Jetpack: the vehicle of the future?

Yesterday, I had the opportunity to try out a piece of technology that few have experienced — the jetpack.

Yesterday, I had the opportunity to try out a piece of technology that few have experienced — the jetpack.

(Credit: Jetlev)

It was a promotional event for the launch of the NRMA's website Live4.com.au, run by Jetpacks Australia. How many times in life do you get the chance to ride on a jetpack? I leapt at the opportunity, quelling the misgivings that arose from the indemnity waiver informing me that the activity could cause permanent death — the worst kind of death.

The morning was bright and sunny, the smell of fuel from the pump engines hanging heavily in the air. Competition winners queued up in wetsuits at the edge of Dawn Fraser Pool in Balmain, while a man in shorts and knee-length socks barbecued bacon and eggs.

It was exciting. I was nervous.

It took a couple of hours for my turn to come, and I slipped into the icy water to be strapped in to the pack. A helmet, containing waterproof speakers so that the instructor could give directions, was slipped over my head. It was too big. Another helmet was found. Then padded. And then cinched so tight that I was almost choking.

Now, dear reader, I am not a large person. The jetpack rose above the back of my head, which I had to hold forward because of the helmet. And when I had to face forward in the water and Jetpacks Australia supplied thrust to the jetpack, my face went under the surface and stayed there. I tried to flip, but in my ear, the instructor was saying, "face forward. Face forward. Arms up". It ran counter to every survival instinct in my body.

That was it for me. I popped the safety harness and waded, bedraggled and shivering, to the shore.

I've been turning the event over and over in my head. I love technology. I think jetpacks are super-cool. I was going to be like Batman. Instead, I lost my nerve. But you know, I think I'm actually okay with it.

Now, I need to specify, the activity wasn't unsafe. Around 40 others got into the jetpack and had what looked like an amazing time. There were safety personnel on hand, the aforementioned instructor, and a lovely fellow controlling the power and thrust of the jetpacks via remote control. Nonetheless, when my head went into the water, I didn't feel comfortable continuing.

Technology is a wonderful thing. What I love most about it is how it vastly widens our ability to communicate, to share ideas. It's taken us into space, managed illnesses that meant certain death just 50 years ago, shown us amazing microcosms and vast cosmoses invisible to the naked eye.

The Jetlev jetpack itself is really rather a simple piece of kit. There's a motor, using the same engine that you might find in a jetski, modified to pump water at a high pressure through the tubing strapped to the pilot's back. That pressure propels the wearer into the air; by moving the jets, the wearer can move forward, steer ... and crash spectacularly.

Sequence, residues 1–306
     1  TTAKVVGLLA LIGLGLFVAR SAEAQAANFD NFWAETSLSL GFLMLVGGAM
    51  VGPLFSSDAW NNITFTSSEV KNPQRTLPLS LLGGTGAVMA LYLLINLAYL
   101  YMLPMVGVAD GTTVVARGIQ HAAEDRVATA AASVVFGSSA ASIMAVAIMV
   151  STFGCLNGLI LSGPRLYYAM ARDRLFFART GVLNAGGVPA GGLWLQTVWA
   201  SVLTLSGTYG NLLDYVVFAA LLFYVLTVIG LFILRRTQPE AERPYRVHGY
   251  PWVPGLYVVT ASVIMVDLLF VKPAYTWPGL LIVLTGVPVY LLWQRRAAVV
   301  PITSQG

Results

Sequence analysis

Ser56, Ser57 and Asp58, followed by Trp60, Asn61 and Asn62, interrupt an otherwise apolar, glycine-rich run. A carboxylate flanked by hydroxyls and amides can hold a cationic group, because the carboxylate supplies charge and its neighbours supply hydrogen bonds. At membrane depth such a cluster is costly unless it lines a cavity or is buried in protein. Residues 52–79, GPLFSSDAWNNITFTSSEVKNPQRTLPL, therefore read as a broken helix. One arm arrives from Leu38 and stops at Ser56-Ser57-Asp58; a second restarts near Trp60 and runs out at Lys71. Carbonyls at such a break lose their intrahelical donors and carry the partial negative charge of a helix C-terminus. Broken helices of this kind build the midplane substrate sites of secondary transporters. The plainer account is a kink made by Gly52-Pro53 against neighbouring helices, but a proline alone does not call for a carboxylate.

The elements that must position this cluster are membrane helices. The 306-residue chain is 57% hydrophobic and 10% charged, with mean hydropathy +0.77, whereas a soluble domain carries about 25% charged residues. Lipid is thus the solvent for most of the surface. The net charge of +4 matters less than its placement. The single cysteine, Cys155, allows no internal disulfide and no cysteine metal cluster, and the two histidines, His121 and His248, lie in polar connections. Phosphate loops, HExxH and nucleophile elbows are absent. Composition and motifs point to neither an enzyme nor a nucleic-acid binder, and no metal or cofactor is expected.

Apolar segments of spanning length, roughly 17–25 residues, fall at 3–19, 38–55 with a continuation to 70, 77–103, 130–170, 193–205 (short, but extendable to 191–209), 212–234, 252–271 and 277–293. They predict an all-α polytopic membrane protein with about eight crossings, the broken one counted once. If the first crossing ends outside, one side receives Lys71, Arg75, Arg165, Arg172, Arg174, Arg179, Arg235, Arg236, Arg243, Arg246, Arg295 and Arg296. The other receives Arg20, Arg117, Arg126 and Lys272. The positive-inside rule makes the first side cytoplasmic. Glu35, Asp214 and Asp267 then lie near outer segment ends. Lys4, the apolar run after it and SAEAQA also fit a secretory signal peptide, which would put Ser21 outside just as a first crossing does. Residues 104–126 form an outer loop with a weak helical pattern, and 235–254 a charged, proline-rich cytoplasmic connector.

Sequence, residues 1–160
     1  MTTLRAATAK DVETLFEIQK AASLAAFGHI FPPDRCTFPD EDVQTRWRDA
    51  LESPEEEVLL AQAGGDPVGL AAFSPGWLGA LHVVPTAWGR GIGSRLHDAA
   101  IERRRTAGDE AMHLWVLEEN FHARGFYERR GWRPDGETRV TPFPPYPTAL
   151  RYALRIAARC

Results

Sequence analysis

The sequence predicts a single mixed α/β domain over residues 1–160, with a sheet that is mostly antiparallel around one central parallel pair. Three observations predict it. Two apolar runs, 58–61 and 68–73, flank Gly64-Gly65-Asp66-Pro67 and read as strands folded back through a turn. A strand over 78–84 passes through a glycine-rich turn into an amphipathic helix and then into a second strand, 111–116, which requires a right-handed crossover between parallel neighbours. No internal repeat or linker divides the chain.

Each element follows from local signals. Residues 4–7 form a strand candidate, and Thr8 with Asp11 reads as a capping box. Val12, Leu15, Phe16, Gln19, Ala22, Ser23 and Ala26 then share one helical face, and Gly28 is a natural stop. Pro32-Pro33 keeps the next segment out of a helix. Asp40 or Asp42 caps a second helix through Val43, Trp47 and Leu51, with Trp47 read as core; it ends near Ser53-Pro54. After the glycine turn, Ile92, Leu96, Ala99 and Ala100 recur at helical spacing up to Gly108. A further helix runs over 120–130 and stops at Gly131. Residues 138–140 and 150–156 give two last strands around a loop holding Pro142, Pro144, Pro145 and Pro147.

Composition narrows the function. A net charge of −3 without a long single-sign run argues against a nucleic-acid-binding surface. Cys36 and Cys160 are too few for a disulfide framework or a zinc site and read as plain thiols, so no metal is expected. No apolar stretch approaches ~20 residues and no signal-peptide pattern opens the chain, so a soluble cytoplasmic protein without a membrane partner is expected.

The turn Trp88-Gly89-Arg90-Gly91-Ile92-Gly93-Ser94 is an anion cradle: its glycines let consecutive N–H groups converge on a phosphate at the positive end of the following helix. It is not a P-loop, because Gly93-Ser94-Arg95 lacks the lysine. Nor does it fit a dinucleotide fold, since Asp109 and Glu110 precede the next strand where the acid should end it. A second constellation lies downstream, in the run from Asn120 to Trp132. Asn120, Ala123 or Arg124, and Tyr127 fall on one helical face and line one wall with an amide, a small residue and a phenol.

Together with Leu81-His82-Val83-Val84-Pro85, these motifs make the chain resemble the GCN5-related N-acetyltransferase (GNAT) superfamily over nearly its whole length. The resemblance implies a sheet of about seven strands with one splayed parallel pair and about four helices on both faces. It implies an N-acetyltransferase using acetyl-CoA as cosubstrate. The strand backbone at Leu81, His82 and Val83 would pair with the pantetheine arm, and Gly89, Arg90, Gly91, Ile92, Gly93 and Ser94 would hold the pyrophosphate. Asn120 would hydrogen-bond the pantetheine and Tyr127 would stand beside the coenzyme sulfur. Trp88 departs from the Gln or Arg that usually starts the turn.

Most of the technology we use don't ask us to fight our instincts in quite the same way. The idea behind the event was: what if commuting was more fun? Riding a train, getting in a car, being jostled around on a bus — none of these really count as "fun"; according to the NRMA, 38 per cent of commuters think that the time they spend getting to and from work is wasted time. But, while standard methods of commuting can be pretty boring, none of them test our comfort zones in a way that makes us feel like our survival is at risk, even though, technically, it is.

Some people live for thrills. That's okay. Even so, the jetpack as a mode of getting to and from work — practical and cost considerations aside — probably wouldn't catch on. When I shuffled, shamefaced, back into the office, my colleagues told me that they wouldn't have tried it. Maybe they were just being nice, but that seemed to be the consensus among everyone with whom I discussed my failure. (If they were all just being nice, that's awesome — it means I know some very nice people.)

Nevertheless, even though I never even got propelled out of the water, I think the experience was a good one. I learned that I can leave my comfort zone a little bit, and that I can withdraw when I feel unsafe, even when I want, very badly, to be Batman.

As a fun activity for the thrill-seekers, the jetpack is fantastic. For more wide adoption, I think it needs a few tweaks — a smaller frame for smaller passengers would be a good start. Still, it's a long way off. I'm okay with that, too.

Tags:
Sci-Tech
About the author

Michelle Starr is the tiger force at the core of all things. She also writes about cool stuff and apps as CNET Australia's Crave editor. But mostly the tiger force thing.

 

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